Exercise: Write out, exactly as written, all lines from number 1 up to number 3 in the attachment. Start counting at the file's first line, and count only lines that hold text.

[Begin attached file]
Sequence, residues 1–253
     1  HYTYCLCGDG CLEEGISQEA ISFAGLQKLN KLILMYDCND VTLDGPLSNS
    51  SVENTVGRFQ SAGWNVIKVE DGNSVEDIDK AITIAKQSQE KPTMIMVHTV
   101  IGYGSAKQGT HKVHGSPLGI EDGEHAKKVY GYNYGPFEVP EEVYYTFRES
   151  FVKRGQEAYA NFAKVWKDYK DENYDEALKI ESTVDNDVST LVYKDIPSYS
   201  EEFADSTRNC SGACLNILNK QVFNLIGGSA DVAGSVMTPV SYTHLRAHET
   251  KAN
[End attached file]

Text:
Sequence, residues 1–253
     1  HYTYCLCGDG CLEEGISQEA ISFAGLQKLN KLILMYDCND VTLDGPLSNS
    51  SVENTVGRFQ SAGWNVIKVE DGNSVEDIDK AITIAKQSQE KPTMIMVHTV